To mark the centenary of Estonian, Latvian and Lithuanian independence, the Baltic Material Assemblies presents architecture of the Baltic states, exploring the material, infrastructural and cultural connections that have persevered despite the political borders and conflict lines that have been laid throughout the region. The exhibition investigates futurity through its inscription into the region’s geology, infrastructure
and architecture. Presented at the AA and RIBA, it reveals built space as a common ground for European unity.
Estonia, Latvia and Lithuania are the only former Soviet states to have become members of the European Union. An overwhelming majority of the energy networks, mining operations and urban layouts that were instruments of the soviet industrialisation of the Baltic States remain functional today. The reconfiguration or dismantling of this vast space demands a new relationship between society and its environment. The transformation of the Baltic States is incremental, synchronised, negotiated on many levels and in many cases only made possible through the support of other members of the EU.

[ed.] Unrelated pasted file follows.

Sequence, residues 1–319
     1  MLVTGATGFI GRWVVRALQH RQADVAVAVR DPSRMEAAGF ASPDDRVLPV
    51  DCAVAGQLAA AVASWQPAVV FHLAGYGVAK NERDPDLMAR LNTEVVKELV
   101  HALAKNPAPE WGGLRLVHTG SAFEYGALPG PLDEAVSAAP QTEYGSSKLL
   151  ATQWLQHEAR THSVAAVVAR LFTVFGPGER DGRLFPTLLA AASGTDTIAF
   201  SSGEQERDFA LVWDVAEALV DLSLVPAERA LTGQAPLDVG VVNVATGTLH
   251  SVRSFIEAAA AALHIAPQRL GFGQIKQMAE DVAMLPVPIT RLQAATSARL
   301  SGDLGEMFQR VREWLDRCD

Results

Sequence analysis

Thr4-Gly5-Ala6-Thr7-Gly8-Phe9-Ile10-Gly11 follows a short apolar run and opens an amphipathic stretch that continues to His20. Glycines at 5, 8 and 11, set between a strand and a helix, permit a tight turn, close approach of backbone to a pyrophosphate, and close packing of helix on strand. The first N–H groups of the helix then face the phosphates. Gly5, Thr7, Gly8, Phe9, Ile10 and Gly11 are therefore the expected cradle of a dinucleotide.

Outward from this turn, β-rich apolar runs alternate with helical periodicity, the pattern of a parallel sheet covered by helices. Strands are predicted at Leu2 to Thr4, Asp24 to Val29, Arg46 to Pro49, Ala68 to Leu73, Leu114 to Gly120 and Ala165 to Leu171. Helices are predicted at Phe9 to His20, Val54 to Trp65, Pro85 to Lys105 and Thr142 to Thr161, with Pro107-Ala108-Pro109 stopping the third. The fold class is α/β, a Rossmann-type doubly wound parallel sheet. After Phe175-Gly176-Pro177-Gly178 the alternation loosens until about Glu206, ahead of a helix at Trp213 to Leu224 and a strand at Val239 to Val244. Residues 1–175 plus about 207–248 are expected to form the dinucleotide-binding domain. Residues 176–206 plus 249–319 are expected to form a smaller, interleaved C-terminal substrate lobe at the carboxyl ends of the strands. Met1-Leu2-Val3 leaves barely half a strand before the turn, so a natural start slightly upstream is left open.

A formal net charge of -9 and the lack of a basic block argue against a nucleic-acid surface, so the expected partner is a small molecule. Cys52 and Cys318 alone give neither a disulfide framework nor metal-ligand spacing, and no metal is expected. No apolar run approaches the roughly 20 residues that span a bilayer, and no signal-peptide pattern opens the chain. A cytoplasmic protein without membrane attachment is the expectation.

Electricity grids, fossil fuel pipelines, nuclear assemblies, geological sections, minerals, landform buildings, insulation materials, and landscape photographs are assembled in this exhibition and outline the background to the new architectural commitments of the Baltic States.